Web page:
Evaluation of wind loads on solar mirrors

Laura Paulus is now also part of the DLR team, which consists of researchers from the fields of mechanical engineering, energy technology, meteorology and electrical and environmental engineering. She explains: “I work in the field of solar tower power plants. Heliostats concentrate the solar radiation on one point of the tower, the so-called receiver. The energy from the sun is used there – usually via a steam turbine and gas expansion turbine – to generate electricity. My final topic is a research project that is being carried out jointly with the Fraunhofer IEE and an established heliostat manufacturer.

The PSA solar tower; source: www.psa.es/es;

Wind measurements were carried out over several months in the largest heliostat field, which I am currently evaluating.” The aim of the measurements is to be able to make statements about the wind loads in the heliostat field by analyzing the data. Ideally, this would make it possible to optimize the design of the heliostats and save various costs in the future. Prof. Dr.-Ing. Tobias Plessing reports on the topic:

The research topic is also very topical in the USA at the moment, for example, and in the longer term should not only be applied to heliostat fields or parabolic trough power plants.”

Prof. Dr.-Ing. Tobias Plessing

Dr. rer. nat. Natalie Hanrieder adds:

‘Wind loads within the systems are also an important issue in other areas of solar energy – such as agrivoltaic systems. Incidentally, the integration of photovoltaics in agriculture is another major research focus of the DLR in Almeria; after all, there are so many greenhouses in the region that they can even be seen from space.”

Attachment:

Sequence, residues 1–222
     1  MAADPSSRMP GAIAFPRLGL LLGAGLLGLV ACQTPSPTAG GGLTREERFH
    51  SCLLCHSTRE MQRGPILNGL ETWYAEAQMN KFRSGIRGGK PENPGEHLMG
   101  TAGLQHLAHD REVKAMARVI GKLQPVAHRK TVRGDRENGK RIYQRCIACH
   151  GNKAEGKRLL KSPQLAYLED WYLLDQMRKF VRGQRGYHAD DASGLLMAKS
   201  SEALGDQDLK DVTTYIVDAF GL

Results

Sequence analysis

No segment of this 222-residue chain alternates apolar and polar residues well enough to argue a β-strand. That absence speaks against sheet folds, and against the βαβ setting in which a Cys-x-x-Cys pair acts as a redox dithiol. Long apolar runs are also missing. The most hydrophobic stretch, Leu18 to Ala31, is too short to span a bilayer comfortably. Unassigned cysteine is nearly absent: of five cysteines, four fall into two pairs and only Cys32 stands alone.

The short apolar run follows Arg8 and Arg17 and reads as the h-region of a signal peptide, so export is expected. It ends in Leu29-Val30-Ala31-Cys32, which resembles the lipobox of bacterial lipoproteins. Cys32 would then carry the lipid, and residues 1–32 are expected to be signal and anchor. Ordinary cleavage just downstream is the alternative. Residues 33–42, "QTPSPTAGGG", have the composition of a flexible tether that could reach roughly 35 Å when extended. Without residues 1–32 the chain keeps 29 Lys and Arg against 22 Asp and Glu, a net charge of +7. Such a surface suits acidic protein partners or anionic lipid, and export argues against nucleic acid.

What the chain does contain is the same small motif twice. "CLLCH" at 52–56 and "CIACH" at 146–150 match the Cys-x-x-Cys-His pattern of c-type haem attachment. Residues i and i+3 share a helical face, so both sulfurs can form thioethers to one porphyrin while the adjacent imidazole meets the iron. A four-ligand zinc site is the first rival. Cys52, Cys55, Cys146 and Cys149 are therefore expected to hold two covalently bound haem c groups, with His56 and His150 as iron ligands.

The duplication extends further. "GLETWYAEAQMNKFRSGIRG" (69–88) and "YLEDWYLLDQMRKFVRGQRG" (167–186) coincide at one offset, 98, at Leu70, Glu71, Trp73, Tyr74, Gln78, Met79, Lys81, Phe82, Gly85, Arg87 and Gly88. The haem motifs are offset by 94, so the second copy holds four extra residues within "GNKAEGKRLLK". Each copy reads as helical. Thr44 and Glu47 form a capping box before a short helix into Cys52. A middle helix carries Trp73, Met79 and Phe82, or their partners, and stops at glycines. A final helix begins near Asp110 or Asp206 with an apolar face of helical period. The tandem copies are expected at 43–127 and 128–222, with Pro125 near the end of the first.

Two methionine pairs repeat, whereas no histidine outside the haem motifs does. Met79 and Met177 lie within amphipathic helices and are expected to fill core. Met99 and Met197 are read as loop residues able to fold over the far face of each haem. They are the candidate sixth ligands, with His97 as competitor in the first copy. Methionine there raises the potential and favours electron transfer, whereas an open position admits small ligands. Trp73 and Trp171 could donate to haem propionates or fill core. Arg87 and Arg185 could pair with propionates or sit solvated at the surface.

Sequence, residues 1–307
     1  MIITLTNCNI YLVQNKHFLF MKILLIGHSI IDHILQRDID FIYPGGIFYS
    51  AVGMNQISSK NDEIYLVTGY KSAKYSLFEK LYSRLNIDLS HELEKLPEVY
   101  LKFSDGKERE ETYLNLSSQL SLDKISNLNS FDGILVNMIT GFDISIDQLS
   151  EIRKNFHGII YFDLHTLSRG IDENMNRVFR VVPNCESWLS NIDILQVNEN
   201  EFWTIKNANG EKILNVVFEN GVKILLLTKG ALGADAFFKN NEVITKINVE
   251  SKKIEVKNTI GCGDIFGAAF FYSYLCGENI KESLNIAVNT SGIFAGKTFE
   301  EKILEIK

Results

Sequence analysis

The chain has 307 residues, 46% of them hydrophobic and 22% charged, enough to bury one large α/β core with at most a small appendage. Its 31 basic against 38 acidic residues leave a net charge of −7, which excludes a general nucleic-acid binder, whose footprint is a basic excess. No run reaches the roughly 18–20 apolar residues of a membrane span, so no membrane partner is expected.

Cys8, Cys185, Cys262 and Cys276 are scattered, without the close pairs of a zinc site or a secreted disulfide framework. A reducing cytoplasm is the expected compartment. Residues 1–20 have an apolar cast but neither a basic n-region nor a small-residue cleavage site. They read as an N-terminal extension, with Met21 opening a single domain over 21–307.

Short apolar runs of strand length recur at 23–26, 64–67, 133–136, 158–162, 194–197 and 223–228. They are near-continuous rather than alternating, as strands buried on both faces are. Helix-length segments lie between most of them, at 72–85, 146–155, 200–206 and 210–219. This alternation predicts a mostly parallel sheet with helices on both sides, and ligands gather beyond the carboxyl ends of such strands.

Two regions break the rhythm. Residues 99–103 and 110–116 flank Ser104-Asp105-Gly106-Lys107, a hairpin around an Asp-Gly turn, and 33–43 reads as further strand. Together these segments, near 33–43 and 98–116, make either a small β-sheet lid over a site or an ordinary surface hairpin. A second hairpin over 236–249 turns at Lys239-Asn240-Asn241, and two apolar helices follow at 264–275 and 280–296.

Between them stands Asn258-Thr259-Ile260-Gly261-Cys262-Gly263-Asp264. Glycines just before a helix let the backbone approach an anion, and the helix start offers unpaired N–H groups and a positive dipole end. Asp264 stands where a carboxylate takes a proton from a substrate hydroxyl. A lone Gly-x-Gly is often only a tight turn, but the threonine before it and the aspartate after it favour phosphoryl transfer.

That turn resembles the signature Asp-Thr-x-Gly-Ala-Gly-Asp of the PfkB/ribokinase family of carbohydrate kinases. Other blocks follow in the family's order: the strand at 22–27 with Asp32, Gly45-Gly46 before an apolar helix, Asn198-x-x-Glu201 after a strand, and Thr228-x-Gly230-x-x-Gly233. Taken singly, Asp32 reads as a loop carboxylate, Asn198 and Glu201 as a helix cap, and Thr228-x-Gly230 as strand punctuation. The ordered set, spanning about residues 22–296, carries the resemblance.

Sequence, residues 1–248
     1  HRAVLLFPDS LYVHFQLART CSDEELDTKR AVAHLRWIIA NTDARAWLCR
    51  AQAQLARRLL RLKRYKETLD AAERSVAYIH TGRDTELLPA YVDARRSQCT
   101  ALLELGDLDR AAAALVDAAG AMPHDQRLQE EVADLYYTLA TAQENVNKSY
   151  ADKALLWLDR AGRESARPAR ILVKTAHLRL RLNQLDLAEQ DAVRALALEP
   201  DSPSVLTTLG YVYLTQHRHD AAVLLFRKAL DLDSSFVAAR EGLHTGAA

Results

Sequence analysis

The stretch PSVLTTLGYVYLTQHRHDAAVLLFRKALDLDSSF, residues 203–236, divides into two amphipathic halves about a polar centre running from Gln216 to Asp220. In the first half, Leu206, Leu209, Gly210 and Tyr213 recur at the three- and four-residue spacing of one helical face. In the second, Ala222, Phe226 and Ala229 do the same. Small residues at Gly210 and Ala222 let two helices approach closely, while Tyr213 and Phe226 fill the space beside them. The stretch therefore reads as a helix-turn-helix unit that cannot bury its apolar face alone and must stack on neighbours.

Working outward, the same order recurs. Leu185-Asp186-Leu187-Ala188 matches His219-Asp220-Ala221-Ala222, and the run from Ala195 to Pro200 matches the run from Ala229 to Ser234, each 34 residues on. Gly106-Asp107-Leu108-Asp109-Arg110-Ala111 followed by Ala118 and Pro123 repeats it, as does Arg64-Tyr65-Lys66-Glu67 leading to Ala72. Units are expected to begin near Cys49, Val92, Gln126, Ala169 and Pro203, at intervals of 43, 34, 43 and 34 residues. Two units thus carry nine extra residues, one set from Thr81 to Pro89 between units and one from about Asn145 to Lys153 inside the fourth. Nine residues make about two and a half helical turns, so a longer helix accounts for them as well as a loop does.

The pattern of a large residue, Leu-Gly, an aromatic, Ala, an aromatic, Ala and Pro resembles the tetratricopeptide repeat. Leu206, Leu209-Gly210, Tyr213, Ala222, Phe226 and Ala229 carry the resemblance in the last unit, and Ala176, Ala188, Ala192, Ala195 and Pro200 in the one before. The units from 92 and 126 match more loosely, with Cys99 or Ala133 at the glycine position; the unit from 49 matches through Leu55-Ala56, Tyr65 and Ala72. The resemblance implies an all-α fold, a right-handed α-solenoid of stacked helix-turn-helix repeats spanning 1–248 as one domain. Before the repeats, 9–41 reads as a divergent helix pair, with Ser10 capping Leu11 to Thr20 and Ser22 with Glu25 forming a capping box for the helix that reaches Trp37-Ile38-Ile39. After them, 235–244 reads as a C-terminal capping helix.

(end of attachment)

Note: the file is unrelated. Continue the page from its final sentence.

Dr. Natalie Hanrieder

In addition to measuring wind loads, the DLR research team is also working on other aspects of solar use: drones and AI are to be used to further simplify existing problems – such as detecting soiling on solar mirrors or photovoltaic modules or by improving nowcasting (shortest-term radiation prediction).

Leisure activities

When asked about the advantages of the location, Laura Paulus goes into raptures: “What I really appreciate here is that it is customary to go out for tapas together during the lunch break. We alternate between different tapas bars and can try our way through the menu depending on how adventurous we are. Only vegetarians and vegans have a hard time here, as the cuisine is traditionally very meat- and fish-heavy. But there is also plenty to do after work: Playing volleyball together or slacklining on the beach on my doorstep, climbing or bouldering or simply enjoying the city, which exudes a great Spanish flair. The Moorish Alcazaba fortress right next to the city center is particularly worth seeing. At the weekend, excursions to Granada, Malaga, Barcelona, Madrid, Seville, Cordoba, Cadiz, Gibraltar and even Morocco are tempting. However, you usually have to resort to long-distance buses or car sharing, as trains hardly ever run here.”

To the DLR – Institute of Solar Research – CIEMAT Plataforma Solar de Almería…

Rainer Krauß